5. Hang with the trucks

Ever notice how, in bad traffic jams, cars seem to constantly speed up and slow down, while trucks tend to roll along at the same leisurely pace? A constant speed keeps shifting to a minimum -- important to those who have to wrangle with those ten-speed truck transmissions -- but it also aids economy, as it takes much more fuel to get a vehicle moving than it does to keep it moving. Rolling with the big rigs saves fuel (and aggravation).

6. Get back to nature

Consider shutting off the air conditioner, opening the windows and enjoying the breeze. It may be a tad warmer, but at lower speeds you'll save fuel. That said, at higher speeds the A/C may be more efficient than the wind resistance from open windows and sunroof. (Just make sure your not about to meet a client or something)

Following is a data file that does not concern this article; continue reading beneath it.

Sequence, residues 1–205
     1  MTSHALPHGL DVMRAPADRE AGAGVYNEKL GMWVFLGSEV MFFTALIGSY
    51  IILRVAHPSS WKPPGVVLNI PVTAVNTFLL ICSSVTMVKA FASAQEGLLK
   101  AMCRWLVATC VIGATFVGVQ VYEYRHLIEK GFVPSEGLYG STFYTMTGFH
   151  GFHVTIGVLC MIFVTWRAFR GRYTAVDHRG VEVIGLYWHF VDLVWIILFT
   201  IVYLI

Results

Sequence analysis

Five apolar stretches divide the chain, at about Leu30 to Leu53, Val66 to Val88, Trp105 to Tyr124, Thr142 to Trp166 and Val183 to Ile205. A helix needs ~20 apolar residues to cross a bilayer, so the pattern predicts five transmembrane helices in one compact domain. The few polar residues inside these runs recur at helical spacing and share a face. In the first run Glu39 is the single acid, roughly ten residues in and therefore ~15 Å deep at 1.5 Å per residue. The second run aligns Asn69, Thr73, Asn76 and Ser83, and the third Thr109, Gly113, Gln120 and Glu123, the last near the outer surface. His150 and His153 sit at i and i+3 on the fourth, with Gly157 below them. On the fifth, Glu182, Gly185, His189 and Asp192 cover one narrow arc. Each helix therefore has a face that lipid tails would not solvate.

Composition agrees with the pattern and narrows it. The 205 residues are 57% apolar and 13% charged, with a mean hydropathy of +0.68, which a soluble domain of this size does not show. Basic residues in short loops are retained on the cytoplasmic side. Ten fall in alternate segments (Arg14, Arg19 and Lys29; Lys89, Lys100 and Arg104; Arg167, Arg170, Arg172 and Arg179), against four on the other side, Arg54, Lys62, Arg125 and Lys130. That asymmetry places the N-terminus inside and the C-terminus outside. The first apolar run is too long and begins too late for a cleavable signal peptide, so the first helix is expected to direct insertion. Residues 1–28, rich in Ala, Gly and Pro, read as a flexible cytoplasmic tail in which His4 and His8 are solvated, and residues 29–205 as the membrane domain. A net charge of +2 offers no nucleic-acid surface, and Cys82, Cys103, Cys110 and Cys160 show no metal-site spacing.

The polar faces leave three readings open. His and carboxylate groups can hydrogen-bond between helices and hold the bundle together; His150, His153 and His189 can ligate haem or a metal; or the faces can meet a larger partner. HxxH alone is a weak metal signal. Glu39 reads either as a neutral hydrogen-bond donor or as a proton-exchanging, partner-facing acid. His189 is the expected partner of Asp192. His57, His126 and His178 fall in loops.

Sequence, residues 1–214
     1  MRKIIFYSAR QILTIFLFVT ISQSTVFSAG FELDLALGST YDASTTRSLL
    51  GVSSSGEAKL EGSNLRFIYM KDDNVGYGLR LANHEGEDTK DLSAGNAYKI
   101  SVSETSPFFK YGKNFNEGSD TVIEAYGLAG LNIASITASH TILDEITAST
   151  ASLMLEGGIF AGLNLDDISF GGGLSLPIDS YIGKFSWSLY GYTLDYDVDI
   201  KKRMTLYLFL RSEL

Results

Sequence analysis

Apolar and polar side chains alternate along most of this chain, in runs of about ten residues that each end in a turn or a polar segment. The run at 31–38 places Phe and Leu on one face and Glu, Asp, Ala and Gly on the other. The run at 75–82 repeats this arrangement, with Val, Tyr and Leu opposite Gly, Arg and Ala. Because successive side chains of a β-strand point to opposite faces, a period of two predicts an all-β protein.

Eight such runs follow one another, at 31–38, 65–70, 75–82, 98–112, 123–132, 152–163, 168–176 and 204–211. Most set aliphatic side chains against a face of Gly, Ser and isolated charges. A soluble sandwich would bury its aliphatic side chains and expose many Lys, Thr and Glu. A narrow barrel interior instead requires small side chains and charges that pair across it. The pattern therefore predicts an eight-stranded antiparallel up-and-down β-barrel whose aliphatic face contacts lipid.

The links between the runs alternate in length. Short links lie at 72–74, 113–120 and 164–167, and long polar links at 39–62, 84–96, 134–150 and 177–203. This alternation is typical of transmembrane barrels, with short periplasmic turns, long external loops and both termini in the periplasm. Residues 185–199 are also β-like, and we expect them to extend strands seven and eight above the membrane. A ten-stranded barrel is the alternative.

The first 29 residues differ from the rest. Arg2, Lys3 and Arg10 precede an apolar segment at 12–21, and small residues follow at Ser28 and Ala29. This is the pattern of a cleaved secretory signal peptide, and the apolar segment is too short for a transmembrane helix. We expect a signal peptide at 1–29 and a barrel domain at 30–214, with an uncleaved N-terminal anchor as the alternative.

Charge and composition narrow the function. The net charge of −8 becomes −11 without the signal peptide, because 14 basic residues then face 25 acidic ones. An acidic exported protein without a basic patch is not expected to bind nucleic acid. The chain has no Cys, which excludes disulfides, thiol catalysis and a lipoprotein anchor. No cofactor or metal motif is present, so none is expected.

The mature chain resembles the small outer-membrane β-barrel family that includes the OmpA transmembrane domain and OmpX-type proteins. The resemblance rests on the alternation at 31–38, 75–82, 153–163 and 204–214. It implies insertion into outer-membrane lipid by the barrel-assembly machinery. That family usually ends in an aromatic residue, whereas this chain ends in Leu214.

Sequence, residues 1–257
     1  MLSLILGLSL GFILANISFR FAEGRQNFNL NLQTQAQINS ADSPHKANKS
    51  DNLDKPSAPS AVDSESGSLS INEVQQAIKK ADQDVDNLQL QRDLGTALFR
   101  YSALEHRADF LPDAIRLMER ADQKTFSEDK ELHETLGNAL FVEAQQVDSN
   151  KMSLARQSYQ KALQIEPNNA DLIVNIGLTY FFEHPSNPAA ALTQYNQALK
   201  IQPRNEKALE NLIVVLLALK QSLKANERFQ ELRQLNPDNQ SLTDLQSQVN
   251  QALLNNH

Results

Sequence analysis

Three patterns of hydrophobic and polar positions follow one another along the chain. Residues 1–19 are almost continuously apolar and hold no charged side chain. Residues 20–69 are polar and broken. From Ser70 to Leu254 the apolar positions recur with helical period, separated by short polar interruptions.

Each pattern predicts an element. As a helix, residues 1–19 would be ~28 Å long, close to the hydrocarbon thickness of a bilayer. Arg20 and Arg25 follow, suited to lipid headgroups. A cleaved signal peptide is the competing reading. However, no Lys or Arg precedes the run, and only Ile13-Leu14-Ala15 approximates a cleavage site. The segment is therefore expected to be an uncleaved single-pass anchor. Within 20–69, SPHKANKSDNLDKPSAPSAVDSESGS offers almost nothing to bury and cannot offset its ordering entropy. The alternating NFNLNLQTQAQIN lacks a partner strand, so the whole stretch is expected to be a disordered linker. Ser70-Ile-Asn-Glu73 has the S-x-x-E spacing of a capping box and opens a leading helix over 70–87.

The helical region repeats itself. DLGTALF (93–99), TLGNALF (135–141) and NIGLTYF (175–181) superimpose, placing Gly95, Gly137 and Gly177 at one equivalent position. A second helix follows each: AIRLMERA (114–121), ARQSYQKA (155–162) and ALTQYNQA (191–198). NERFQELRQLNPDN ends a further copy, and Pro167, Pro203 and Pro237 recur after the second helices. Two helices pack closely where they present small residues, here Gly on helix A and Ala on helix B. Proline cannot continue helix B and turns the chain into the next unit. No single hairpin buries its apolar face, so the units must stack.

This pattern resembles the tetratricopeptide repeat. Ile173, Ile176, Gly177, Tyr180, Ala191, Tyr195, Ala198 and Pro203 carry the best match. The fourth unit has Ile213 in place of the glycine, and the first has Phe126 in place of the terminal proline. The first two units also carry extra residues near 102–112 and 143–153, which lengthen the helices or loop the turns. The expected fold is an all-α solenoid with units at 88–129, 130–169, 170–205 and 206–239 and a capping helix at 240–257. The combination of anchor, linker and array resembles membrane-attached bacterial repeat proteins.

7. Back off the bling

New wheels and tires may look cool, and they can certainly improve handling. But if they are wider than the stock tires, chances are they'll create more rolling resistance and decrease fuel economy.

8. Clean out your car

Periodically go through your car and see what can be tossed out or brought into the house. It doesn't take much to acquire an extra 40 or 50 lbs. of stuff, and the more weight your car has to lug around, the more fuel it burns.

9. Don't drive

reiterating what i mentioned earlier at the start of this article.. Take the train, carpool, and consolidate your shopping trips. Walking or biking is good for your wallet and your health. And before you get in your car, always ask yourself: "Is this trip really necessary?"

Norman Roland E. Ocana III, Entry # 9

Trial Pad